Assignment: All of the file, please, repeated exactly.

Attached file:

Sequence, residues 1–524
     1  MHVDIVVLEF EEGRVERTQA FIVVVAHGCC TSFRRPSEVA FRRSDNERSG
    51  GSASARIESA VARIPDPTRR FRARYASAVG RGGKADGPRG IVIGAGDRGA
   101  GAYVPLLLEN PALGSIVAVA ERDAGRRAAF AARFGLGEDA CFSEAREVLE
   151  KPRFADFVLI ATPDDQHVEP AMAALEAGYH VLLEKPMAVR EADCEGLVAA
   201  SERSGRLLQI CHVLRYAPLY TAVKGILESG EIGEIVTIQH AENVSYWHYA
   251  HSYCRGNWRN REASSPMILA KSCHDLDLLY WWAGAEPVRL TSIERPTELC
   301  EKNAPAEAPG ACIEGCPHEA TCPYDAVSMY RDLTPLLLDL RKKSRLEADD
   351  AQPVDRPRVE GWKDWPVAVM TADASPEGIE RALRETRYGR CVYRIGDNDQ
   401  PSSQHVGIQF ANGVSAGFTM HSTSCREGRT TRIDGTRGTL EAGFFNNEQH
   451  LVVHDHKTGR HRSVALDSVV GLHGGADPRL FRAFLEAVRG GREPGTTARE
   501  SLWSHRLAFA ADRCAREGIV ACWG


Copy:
Sequence, residues 1–524
     1  MHVDIVVLEF EEGRVERTQA FIVVVAHGCC TSFRRPSEVA FRRSDNERSG
    51  GSASARIESA VARIPDPTRR FRARYASAVG RGGKADGPRG IVIGAGDRGA
   101  GAYVPLLLEN PALGSIVAVA ERDAGRRAAF AARFGLGEDA CFSEAREVLE
   151  KPRFADFVLI ATPDDQHVEP AMAALEAGYH VLLEKPMAVR EADCEGLVAA
   201  SERSGRLLQI CHVLRYAPLY TAVKGILESG EIGEIVTIQH AENVSYWHYA
   251  HSYCRGNWRN REASSPMILA KSCHDLDLLY WWAGAEPVRL TSIERPTELC
   301  EKNAPAEAPG ACIEGCPHEA TCPYDAVSMY RDLTPLLLDL RKKSRLEADD
   351  AQPVDRPRVE GWKDWPVAVM TADASPEGIE RALRETRYGR CVYRIGDNDQ
   401  PSSQHVGIQF ANGVSAGFTM HSTSCREGRT TRIDGTRGTL EAGFFNNEQH
   451  LVVHDHKTGR HRSVALDSVV GLHGGADPRL FRAFLEAVRG GREPGTTARE
   501  SLWSHRLAFA ADRCAREGIV ACWG